Most people should pass this with flying colors. But there are a few common disqualifying factors for Uber and Lyft that could make it difficult or impossible to secure work.
For example, you may be ineligible for Uber or Lyft if you’ve been convicted of a crime or if you’ve gotten a DUI. You may also be ineligible if you have a disqualifying theft or property damage offense in the last seven years.
After passing the background check, you’ll also have to maintain a clean driving record to continue driving for both platforms.
You don’t need a brand-new car. But you will need a safe and somewhat modern vehicle to drive for both Uber and Lyft. You’re also more likely to get better tips if your ride looks nice, so that’s something to consider.
With this in mind, let’s take a closer look at the specific vehicle requirements for both platforms.
Lyft Vehicle Requirements
- No taxis or limousines
- Must meet local city or state standards
- Must have at least five seatbelts and a maximum of eight
- Rentals must go through the Express Drive program
- Accepts subcompact vehicles
Uber Vehicle Requirements
- Must have at least four doors and transport a minimum of four passengers
- Must be 15 years old or newer
- Title cannot be salvaged, rebuilt, or reconstructed
- Rentals must come from an Uber-approved company
- Can’t have cosmetic damage, missing pieces, taxi paint jobs, or commercial branding
Winner: It’s a Tie
As long as you have a clean record and a decent car, you shouldn’t have any trouble signing up for Uber or Lyft. Neither company will judge you on skill or experience—or even ask for any referrals for that matter.
Taking a step back, working with rideshare companies (and in the gig economy in general), is much different than applying to a traditional job.
There are usually lower barriers to entry which make these gigs ideal for those looking for a side hustle or who are just starting out in their careers.
Comparing the Navigation Maps
When driving for a rideshare service, the map you use means everything. It’s arguably the most important tool because your map is responsible for getting you from place to place as quickly as possible.
In light of this, let’s see how Uber and Lyft’s maps compare before you hit the road.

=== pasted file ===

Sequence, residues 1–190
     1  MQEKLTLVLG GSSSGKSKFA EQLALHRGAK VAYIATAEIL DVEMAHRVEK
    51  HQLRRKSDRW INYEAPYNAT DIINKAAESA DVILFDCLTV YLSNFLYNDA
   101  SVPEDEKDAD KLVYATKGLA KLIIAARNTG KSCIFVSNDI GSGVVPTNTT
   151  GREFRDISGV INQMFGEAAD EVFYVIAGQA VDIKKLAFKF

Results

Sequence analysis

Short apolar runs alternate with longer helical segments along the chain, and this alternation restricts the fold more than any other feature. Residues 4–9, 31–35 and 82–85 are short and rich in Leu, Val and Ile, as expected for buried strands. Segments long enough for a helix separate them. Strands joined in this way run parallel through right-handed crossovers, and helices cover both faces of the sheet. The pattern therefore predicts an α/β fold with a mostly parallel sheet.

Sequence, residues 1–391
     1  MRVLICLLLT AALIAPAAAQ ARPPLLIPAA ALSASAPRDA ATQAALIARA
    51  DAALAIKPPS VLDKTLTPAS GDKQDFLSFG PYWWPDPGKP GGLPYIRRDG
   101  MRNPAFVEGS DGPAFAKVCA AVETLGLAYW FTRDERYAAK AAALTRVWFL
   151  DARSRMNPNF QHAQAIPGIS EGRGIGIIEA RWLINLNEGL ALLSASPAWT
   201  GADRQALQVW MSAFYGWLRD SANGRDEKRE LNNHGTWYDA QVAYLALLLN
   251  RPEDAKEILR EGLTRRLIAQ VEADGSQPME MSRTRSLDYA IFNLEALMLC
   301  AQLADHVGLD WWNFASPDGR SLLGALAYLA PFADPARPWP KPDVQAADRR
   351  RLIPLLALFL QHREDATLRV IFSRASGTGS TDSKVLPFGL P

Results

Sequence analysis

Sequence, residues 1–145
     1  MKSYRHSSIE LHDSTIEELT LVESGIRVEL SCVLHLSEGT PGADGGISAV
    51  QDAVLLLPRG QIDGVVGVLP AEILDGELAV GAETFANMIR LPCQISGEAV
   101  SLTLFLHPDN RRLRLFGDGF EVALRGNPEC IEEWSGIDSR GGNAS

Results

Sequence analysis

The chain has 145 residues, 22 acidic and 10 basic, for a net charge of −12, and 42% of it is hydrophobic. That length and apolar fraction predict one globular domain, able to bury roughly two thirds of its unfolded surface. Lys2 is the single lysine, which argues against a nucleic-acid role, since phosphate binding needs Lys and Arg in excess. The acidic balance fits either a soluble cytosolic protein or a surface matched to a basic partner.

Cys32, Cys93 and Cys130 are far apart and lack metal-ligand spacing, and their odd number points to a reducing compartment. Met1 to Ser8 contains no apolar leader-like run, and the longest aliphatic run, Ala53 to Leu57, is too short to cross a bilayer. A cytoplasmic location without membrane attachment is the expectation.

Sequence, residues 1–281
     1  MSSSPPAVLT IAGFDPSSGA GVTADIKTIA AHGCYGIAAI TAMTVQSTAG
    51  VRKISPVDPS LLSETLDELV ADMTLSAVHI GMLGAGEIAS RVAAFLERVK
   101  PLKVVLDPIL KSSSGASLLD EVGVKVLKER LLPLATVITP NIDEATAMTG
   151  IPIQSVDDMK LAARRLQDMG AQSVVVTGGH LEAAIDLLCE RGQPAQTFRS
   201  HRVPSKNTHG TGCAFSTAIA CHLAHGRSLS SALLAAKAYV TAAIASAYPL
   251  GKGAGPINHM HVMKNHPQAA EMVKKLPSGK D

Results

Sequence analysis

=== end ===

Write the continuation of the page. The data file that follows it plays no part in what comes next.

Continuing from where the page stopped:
Uber Nav is a built-in, proprietary GPS navigation system that pulls data from third-party GPS services such as Google Maps, TomTom, and Bing Maps.
Uber Nav is solid overall and comes with some handy features like night mode and lane guidance. It’s not quite as advanced as Waze, but you can opt to use Waze or Google Maps if you prefer. To do this, simply select your default navigation app in settings.
The main issue with using a third-party map in the Uber app is that you have to toggle between the two programs. The last thing you want to be doing is fumbling around with your phone when you’re driving passengers.
Lyft also has a default map, called Lyft Navigation, which runs on Google Maps.
My favorite thing about Lyft Navigation is that it’s intuitive and easy to understand. For example, the app senses when your vehicle is in motion and changes to a simpler map format to minimize distractions.
To access additional features when driving, simply select “More” in the menu below the map. For example, you can report an emergency or view the details on your last ride.
Lyft Navigation also supports Waze. But just like with Uber, you’ll have to switch navigation preferences in the Lyft app.
Lyft Navigation wins because it’s easier to use than Uber Nav and keeps things simple by pulling its GPS data from Google Maps. As a result, Lyft Navigation makes it a little easier to focus on the road, and you can’t put a price tag on that.
Uber and Lyft Ride Modes
The ride options you have on both platforms are numerous. Here’s a breakdown of each one.
Lyft Ride Modes
Lyft is the standard driving option that can accommodate up to three riders at a time.